Monday, July 30, 2018
Stand Up Comedy Is Hard - Which Is Exactly Why I Am Doing It.
The idea of doing a set at a comedy club was scary. Even an open mic night just seemed way out of my comfort zone and the little voice in my head warned me of how embarrassing it would be to bomb. Who was I to attempt comedy?
I have acted and taken improv classes. I have delivered over 750 professional speeches and hosted nearly 400 episodes of a podcast. But stand up? No Way. While I use humor in my presentations, I am not funny.
Stand Up comedy is clearly the most unforgiving use of the spoken word. The chances of a joke not landing are close to 10 to 1 according to many comics. As a chickenshit I did not like those odds.
In my teens and 20s I loved going to see comedy shows. I secretly wished I had the skills (and the bravery) to get up there, but I simply did not have the confidence. Wishing and dreaming does not lead to actions.
That all changed in March of 2018 in New York City. I have a friend who is a popular speaker on the topic of humor in the workplace. He is also a comic. While I was in the city he invited me along to open mic night, which at the time of the invitation I assumed was to watch him work on new material.
His intention was not for me to be in the audience, but instead to get on stage. I froze at the thought.
"No Way" came out of my mouth so fast it was crazy.
But then I remembered the mantra I have tried to live by for the last two years: "Make age 50 to 75 the best years of my life", and I agreed to try.
Before my trip I prepared a five minute set, but it was more of humor from my business speeches than comedy club style jokes. None-the-less, I did it and some people laughed. It was not horrible, and I felt good for pushing myself and getting up on stage.
Yet doing something once is often not enough, especially if you think there is something more to the experience. I have become an advocate for trying new things, and it is now part of what I teach my clients. Thus I have to live my own talk. I do not like everything I venture into (surfing was not really my cup of tea, but I did it recently), and if it is not "right" there is no reason to keep going. Yet when there is something to be learned from the experience, I owe it to myself to get past the fear of the unknown.
Since my initial attempt at comedy I have been to 14 additional open mic nights. I go to clubs and bars with comedy nights both in my home city of Austin, and I discover open mics while I am traveling for business (It beats sitting in my hotel room watching Netflix). I have developed three different five minute "sets" and am working to fine tune my timing, comedy writing, observation skills, and confidence in the art of humor.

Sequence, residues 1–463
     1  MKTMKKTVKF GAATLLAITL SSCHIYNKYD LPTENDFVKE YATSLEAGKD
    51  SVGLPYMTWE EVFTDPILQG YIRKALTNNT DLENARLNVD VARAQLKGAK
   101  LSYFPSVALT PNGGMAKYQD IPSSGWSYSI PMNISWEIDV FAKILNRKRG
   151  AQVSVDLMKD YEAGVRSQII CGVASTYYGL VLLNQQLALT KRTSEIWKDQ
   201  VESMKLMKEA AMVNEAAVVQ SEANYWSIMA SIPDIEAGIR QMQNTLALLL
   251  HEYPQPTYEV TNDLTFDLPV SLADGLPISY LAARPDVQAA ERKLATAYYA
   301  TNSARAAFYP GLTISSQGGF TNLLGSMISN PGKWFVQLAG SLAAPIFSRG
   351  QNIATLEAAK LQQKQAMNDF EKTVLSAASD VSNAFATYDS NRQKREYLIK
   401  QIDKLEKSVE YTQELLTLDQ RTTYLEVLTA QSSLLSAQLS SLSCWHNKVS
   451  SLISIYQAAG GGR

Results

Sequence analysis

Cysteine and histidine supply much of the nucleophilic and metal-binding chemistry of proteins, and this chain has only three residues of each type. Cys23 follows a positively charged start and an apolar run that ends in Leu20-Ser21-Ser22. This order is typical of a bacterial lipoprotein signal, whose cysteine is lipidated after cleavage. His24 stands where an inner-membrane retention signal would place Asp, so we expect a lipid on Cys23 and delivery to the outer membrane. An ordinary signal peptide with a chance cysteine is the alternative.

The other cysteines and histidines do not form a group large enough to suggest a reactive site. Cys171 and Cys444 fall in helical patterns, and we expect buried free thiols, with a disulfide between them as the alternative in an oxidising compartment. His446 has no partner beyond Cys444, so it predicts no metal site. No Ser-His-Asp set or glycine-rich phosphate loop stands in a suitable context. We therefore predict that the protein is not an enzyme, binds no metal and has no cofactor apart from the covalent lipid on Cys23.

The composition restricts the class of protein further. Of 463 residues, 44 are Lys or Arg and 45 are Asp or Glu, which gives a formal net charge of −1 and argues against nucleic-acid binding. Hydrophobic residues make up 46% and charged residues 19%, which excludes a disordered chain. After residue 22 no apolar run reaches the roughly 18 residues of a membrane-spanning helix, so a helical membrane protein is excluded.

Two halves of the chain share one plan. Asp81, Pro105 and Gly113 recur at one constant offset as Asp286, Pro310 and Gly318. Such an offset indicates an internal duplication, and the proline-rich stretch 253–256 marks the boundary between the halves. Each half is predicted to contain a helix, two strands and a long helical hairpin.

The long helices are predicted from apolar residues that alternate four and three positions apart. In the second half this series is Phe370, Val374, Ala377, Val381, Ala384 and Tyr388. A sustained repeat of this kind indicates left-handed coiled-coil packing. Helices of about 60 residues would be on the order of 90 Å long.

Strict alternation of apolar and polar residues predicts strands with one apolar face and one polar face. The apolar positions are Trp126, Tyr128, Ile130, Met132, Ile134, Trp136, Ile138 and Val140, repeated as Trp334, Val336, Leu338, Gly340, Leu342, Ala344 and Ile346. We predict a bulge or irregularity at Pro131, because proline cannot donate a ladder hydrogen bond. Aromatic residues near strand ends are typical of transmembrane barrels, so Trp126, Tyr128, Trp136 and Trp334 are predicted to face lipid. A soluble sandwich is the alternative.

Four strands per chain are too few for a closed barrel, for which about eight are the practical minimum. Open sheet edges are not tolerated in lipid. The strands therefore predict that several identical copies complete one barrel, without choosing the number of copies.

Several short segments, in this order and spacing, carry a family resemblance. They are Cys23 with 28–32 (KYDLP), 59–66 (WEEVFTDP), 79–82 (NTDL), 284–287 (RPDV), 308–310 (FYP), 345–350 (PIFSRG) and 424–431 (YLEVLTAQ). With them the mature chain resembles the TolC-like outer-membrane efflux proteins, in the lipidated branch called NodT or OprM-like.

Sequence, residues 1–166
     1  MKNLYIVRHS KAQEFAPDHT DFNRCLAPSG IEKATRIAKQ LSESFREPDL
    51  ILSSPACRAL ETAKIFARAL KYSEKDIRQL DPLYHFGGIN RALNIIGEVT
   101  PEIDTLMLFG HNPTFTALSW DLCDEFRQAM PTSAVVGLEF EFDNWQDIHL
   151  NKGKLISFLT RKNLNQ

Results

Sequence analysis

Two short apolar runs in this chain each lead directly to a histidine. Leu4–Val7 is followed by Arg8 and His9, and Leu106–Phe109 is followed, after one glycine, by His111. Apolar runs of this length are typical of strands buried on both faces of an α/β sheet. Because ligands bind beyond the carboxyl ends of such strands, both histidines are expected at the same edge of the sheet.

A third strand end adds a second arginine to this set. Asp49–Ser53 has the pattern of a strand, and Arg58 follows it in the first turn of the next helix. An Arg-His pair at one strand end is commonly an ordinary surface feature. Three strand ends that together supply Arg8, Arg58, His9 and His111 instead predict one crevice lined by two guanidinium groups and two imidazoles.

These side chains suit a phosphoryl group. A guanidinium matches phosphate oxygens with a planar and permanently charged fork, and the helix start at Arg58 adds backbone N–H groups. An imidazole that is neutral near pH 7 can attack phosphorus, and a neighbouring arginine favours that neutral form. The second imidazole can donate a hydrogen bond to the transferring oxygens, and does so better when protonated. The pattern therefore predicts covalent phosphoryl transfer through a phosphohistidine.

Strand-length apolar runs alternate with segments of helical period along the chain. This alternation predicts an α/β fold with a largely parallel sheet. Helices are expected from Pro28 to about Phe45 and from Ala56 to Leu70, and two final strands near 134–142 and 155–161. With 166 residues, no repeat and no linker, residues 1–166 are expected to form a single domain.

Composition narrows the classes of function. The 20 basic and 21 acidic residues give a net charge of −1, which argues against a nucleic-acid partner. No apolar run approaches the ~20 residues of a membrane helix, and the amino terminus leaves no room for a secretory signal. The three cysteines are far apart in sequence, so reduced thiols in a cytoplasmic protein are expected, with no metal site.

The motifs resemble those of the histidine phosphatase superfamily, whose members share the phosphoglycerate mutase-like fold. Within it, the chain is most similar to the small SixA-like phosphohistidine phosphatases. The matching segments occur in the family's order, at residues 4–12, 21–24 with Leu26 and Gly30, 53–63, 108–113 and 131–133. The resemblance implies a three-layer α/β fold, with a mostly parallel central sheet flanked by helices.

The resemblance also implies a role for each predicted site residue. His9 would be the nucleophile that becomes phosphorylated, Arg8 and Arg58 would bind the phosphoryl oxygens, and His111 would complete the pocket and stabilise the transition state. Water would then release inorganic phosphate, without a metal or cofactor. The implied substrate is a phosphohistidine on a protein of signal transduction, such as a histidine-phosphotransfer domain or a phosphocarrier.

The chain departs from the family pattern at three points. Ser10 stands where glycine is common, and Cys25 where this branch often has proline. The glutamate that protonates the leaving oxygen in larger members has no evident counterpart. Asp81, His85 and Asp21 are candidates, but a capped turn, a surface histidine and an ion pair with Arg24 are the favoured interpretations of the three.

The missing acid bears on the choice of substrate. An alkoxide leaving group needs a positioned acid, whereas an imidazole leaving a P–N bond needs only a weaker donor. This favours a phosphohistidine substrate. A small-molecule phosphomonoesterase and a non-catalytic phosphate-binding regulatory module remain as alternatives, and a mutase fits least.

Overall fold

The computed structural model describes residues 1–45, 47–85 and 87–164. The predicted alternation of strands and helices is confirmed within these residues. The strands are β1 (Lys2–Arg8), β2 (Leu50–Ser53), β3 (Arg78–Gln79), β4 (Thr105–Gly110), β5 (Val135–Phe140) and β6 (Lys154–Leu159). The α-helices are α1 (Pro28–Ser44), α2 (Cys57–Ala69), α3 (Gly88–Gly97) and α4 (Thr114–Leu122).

Do not misunderstand me, I am not good at comedy. Yet. This is a long haul process.
It is very hard. Learning to do stand up is among the most difficult tasks I have ever undertaken, which is exactly why I am doing it with such intention. I spent too much of my life listening to that little voice that told me all the reasons I should not do things.
If you feel you have held yourself back, get out of that routine and try new things. When you are willing to try new things and are open to failure (and maybe failing big-time) that is where you will find the most amazing growth. I know I am new to comedy and have yet to find my voice, but I keep going to open mic nights every week. I am working to discover things about humor and about myself. All of this is already having a positive impact in other areas of my life. I am learning a lot from NOT being good. Too often I have stayed close to things I do well. And the chances of flopping are always present when you do an open mic night, so to keep showing up I am living with the unknown each time. In all I do there is more confidence. Clearly if I can jump into this arena and do it when I am raw and unproven, then what I am great at should seem easy. Find reasons to say yes to things that are outside your comfort zone. Your efforts will force learning to happen. For you this may not be comedy. It might be jumping out of a plane or learning to paint. The key is doing something new.
My overall goal is to do 100 open mic nights. This could take over two years, as my family commitments do not allow me to go out to bars and clubs 3 or 4 nights a week. I am not even sure I am interested in doing a featured show, but I guess as I get better that opportunity could present itself (and while even scarier, I will say yes when the time comes).
Go do what is hard. If you are younger than me, don't wait until you are 50 years old to realize you have let fear stop you from taking the chances that could lead to a fulfilling life.
Have A Great Day.